Jeremiah Cole has been sentenced to hang for lynching a priest, but
most people in New Mexico believe that Cole's father, a powerful
senator and ruthless land baron, will never let his son reach the
gallows. Yet gunman Britton Wade, who is slowly dying of consumption,
is determined to see justice carried out -- and make something out of
his life. Thus begins a violent, brutal journey from Santa Fe to
Chama. Wade is joined by another gunman, Clint Paden, and Paden's two
saddle pals, who have their own designs on Jeremiah Cole, and a fiery
Irish woman, Fenella Magauran, who is seeking her own justice.
They'll have to get past mobs of angry settlers who want Cole dead,
Senator Roman Cole and his men, who want Wade dead, warring Apaches,
turncoats, and a relentlessly harsh country along the Chama River. It's a journey that will change everyone.
Friday, April 29, 1898 The Northwest New Mexican published an interesting bit this past week. I quote part of it here: Tramps and sneak thieves will probably in the future give Chama a wide berth. The rope is a desperate but sure remedy. While I wouldn’t bet a plug nickel on the veracity of such a statement, I’d wager even less on the chance that carpet-bagging newspaper editor has staying in business once Sen. Cole reads that hifalutin editorial. The editor’s a newcomer, so she must not know the way things work in the Chama valley. The hanging is set two weeks from today, but nobody in the Territory believes that Jeremiah Cole will ever swing. Why, I dare say the case never would have come to trial if that Mex had not been appointed territorial governor, and Jeremiah most certainly never would have been convicted if not for the man who young Cole helped lynch. Appeals have run their course, so now everything rests on the will of God, or rather, the will of Sen. Roman Cole.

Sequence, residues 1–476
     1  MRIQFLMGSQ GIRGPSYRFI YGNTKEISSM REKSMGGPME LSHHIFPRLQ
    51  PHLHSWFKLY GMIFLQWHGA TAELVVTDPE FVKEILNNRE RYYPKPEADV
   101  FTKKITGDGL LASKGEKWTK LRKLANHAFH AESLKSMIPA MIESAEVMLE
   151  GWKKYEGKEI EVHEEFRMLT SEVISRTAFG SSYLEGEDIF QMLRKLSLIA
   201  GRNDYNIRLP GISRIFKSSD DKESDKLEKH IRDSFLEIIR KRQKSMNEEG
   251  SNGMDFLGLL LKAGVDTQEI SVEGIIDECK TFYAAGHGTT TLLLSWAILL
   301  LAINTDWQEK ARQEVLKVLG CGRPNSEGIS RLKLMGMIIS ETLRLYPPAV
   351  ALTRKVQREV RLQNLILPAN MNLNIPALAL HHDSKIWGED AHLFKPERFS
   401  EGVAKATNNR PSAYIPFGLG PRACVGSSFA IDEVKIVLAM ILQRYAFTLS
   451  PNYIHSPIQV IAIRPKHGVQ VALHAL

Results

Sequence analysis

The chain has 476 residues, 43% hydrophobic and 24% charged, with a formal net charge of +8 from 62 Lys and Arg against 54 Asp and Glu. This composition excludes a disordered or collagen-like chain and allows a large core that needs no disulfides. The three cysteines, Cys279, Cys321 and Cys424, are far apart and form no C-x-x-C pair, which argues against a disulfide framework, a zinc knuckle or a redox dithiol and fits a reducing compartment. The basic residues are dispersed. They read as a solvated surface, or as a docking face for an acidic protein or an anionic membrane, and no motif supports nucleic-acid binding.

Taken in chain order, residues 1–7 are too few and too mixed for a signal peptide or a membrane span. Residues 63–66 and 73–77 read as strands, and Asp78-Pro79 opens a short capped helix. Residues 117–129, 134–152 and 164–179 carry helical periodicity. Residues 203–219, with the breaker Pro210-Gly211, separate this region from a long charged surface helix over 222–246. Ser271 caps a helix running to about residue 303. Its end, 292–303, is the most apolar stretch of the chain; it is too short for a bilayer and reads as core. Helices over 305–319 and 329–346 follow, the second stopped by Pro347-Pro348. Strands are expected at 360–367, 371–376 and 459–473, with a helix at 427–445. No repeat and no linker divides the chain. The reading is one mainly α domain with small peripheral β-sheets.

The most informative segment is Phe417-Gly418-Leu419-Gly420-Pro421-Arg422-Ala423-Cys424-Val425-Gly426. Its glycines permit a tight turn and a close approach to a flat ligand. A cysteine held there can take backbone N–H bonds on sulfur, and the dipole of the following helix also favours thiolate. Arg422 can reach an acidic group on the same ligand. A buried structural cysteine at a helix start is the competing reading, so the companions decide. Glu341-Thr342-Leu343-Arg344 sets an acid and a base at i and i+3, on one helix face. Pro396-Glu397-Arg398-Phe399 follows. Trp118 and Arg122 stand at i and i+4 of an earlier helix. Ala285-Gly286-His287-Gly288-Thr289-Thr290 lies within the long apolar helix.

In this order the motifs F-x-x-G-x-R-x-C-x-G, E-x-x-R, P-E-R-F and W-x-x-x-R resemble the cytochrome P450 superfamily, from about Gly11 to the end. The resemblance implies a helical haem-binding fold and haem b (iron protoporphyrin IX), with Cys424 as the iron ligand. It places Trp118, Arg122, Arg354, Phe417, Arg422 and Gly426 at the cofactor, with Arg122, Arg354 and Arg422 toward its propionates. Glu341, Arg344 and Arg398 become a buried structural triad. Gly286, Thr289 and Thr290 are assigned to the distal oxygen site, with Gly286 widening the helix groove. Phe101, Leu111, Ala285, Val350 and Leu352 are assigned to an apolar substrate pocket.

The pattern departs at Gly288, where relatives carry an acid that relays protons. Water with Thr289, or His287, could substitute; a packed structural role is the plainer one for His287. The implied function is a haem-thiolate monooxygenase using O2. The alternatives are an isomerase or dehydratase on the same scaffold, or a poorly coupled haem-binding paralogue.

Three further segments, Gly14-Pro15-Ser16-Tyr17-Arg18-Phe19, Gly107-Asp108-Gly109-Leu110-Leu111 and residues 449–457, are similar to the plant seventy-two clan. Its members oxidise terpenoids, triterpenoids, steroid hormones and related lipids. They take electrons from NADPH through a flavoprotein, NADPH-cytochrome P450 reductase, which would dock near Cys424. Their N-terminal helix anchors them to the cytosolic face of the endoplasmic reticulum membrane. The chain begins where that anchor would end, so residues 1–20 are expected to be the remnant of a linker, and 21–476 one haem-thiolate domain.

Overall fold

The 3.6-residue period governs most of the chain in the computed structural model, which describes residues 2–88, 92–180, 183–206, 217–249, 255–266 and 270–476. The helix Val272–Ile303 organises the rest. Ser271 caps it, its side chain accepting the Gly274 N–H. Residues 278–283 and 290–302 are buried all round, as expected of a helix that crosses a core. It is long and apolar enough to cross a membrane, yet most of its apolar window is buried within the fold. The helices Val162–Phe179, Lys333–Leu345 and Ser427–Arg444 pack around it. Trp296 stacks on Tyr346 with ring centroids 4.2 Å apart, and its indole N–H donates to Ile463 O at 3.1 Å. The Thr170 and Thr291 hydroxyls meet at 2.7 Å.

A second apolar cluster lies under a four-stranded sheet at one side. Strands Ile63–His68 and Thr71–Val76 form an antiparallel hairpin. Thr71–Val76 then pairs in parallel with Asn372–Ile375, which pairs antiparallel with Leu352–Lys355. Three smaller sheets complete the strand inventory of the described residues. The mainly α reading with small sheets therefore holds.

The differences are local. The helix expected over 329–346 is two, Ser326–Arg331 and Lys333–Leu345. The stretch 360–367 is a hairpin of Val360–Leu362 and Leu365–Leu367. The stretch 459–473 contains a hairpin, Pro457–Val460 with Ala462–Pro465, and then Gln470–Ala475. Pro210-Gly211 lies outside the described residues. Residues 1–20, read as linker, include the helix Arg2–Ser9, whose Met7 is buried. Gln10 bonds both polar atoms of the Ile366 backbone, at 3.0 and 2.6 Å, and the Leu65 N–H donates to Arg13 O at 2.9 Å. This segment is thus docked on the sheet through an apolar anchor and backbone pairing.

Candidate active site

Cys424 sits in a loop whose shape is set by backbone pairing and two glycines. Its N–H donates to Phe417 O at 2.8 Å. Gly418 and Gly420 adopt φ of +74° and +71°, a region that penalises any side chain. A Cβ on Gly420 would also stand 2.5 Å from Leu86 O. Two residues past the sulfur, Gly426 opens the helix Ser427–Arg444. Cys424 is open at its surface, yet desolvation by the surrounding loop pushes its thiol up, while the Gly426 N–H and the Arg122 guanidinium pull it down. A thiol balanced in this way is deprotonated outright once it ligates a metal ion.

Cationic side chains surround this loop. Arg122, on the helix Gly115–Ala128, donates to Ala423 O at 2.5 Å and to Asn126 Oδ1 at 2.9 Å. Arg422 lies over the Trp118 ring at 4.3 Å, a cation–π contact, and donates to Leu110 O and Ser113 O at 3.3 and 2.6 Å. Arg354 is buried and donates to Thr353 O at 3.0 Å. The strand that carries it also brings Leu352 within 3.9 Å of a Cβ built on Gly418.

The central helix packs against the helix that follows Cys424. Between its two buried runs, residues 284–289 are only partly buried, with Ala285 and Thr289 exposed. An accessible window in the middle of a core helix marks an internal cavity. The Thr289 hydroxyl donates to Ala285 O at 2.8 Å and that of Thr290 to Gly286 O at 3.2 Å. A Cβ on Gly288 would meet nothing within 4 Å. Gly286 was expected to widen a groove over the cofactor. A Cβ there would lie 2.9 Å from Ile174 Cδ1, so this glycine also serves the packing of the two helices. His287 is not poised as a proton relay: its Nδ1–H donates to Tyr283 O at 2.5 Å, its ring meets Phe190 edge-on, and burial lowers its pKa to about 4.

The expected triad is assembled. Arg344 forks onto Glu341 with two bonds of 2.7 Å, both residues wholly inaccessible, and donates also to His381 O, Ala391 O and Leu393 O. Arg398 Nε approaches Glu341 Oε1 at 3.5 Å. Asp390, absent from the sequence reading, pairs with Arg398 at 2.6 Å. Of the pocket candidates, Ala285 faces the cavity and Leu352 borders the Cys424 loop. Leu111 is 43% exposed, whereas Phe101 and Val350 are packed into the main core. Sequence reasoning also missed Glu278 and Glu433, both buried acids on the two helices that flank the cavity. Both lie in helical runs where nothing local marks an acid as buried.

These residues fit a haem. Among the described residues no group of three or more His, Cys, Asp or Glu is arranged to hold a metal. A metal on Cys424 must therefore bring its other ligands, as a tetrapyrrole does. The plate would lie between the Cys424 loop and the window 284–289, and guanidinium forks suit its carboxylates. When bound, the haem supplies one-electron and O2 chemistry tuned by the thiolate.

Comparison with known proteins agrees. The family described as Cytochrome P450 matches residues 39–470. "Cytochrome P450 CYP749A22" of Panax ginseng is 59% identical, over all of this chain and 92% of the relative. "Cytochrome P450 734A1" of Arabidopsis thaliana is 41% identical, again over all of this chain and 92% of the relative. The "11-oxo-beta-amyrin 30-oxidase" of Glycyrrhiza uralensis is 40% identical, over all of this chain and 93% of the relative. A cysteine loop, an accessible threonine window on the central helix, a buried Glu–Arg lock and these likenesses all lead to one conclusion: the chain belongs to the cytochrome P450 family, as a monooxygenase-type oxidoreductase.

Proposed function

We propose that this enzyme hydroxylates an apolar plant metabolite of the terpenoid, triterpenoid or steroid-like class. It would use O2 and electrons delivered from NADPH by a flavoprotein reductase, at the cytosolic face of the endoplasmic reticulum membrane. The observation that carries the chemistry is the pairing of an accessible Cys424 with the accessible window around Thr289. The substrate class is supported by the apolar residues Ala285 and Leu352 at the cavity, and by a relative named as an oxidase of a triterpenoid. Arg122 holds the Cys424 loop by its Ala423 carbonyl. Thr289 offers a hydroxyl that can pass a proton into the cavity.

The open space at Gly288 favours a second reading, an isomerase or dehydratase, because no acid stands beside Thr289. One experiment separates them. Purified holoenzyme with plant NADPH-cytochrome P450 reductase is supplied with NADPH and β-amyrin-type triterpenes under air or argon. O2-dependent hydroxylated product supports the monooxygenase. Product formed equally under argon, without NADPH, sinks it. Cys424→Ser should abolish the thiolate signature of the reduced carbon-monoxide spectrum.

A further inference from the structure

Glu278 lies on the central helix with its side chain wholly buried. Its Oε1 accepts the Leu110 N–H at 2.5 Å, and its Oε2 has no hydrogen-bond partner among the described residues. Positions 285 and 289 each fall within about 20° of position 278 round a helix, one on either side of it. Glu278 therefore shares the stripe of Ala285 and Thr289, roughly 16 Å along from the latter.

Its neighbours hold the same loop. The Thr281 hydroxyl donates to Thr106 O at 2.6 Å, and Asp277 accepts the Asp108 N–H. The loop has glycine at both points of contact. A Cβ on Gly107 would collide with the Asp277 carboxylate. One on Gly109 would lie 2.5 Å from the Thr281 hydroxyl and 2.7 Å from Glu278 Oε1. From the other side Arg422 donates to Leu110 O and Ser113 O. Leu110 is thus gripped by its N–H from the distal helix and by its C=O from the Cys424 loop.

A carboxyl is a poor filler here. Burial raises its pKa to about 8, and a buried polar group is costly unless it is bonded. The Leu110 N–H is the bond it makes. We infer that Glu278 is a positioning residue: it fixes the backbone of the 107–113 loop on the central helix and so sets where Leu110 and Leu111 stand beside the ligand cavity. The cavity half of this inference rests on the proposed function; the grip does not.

Copyright 2009 by Johnny D. Boggs
"This is not a simple Western .... His familiarity with the landscape
-- he lives near Santa Fe -- is a definite advantage as he puts the
reader right into New Mexico and particularly through the rugged
landscape along the Río Chama. And while this may seem to be a fairly
traditional Western, the conclusion is anything but. Another good read." -- Roundup